In its anticipated annual report, The Business of Fashion outlined its forecast for the industry in 2020 and the findings were pretty bleak.
Trade wars and changes in the social media ecosystem have put retailers in a sort of panic for the year ahead and industry leaders appear to be scrambling to make some immediate changes.
Unsurprisingly, sustainability topped the list of challenges for the fashion industry.
With Greta Thunberg’s movement at the forefront of the media, climate change has finally become a hot topic. Governments and businesses are being pushed to become part of the solution, but maybe more remarkable has been the course of action by average consumers, who are becoming more discerning about who they buy from.
The fashion industry has a long-standing reputation for extreme energy consumption and pollution, which is causing consumers to seriously consider their buying choices based on corporate responsibility. So naturally, retailers that want to maintain the loyalty of their customers will need to become sustainable very quickly.
Lihi Pinto Fryman, the co-founder of Syte, believes that technology will play a key role in driving down waste in the fashion industry. “Extreme challenges are best solved with technology,” she says.
Pinto Fryman was one of the early pioneers of visual search, a technology which allows shoppers to search for fashion items using a picture, rather than typing in keywords. The technology returns more accurate results to the customer because artificial intelligence analyzes the picture to learn exactly what the customer is looking for, instead of having to guess based on general words.
Having accurate insights like these can help retailers with their sustainable efforts, according to Pinto Fryman.
“Visual search will become a game-changer in evolving sustainable fashion businesses,” she explains. “Think about how Blue Apron eliminated so much food waste by planning their recipes in advance and working with farmers to grow the exact ingredients needed. That kind of efficiency is exactly what the fashion industry needs to emulate.”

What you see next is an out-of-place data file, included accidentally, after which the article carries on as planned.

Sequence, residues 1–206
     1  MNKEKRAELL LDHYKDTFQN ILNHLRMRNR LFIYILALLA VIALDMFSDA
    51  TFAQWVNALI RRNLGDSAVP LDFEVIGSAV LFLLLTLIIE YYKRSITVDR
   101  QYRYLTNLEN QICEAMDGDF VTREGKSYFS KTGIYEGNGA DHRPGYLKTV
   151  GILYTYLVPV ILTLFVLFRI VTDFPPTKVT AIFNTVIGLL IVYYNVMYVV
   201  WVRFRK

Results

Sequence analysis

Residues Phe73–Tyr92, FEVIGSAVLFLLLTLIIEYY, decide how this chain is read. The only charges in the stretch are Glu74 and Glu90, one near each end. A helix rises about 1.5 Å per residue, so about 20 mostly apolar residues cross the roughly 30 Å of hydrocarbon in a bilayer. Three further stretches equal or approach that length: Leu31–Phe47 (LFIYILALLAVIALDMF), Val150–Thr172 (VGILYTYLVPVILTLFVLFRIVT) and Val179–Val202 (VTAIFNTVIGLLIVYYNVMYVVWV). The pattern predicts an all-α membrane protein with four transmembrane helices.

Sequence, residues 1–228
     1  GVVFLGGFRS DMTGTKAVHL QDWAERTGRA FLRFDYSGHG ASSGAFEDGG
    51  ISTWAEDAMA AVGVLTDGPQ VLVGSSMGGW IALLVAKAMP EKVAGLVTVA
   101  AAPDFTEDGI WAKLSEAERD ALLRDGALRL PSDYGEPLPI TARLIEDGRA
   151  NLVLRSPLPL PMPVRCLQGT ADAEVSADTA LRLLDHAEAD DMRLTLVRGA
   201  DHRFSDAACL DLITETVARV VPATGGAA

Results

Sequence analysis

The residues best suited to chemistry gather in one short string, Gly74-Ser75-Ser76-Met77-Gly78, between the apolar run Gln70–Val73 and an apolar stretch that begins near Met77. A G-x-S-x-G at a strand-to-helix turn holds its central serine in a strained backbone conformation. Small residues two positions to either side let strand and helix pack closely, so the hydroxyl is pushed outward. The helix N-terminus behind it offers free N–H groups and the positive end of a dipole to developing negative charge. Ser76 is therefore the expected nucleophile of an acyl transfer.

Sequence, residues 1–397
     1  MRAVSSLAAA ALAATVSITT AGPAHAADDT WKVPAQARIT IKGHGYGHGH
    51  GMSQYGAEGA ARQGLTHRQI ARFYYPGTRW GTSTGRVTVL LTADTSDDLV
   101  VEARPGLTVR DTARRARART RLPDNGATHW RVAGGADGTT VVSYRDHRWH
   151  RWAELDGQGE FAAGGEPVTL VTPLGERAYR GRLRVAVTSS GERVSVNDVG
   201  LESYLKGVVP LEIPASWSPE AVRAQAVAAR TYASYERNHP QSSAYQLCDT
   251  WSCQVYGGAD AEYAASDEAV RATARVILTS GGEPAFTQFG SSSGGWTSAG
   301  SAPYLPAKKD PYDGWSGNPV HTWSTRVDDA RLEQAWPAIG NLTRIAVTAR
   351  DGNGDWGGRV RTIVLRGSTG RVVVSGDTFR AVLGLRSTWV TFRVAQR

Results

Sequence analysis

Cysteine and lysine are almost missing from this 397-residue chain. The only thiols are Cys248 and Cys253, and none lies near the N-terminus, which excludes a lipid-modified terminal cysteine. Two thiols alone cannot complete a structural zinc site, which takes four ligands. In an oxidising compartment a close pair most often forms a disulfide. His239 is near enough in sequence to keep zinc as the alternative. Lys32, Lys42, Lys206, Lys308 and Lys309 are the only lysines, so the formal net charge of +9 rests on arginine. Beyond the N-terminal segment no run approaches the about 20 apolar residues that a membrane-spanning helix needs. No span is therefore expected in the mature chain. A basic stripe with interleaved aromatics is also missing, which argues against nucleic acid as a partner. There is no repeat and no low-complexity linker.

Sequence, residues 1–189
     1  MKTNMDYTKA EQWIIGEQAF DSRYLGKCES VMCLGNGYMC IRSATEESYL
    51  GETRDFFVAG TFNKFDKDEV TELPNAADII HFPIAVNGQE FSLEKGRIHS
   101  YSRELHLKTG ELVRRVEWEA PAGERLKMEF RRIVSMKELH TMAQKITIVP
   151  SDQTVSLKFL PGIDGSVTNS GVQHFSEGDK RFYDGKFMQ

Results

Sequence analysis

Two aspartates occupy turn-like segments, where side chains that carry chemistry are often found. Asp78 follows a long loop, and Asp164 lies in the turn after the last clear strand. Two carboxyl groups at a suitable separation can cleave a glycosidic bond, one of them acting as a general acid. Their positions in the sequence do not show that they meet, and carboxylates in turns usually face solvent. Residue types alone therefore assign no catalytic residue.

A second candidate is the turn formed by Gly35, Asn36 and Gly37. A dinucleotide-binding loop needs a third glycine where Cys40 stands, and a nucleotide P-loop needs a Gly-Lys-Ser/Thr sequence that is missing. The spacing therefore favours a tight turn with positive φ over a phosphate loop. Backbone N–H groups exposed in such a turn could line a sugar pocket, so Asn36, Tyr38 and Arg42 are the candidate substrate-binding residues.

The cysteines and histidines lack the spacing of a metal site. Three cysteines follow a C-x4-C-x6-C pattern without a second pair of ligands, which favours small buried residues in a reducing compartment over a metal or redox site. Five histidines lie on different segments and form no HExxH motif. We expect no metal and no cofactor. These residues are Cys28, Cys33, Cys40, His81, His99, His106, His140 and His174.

Since visual search allows retailers to understand exactly which colors, cuts, lengths, and clothing types that customers are searching for by picture, Pinto Fryman is suggesting that retailers can use these specific insights to more accurately predict fashion trends, and streamline their inventories and supply chains accordingly. Doing so will reduce the waste and pollution associated with production.
Could this be the solution? The discussion will inevitably continue.
Last year, the Business of Fashion predicted the “end of ownership” trend – meaning that consumers would opt to rent clothes, rather than buy, which would have a major impact on the fashion industry and its sustainability. This trend hasn’t hit yet, if it will at all, but the point still stands: the fashion industry must do more to become sustainable. It will be interesting to see if visual search is the answer.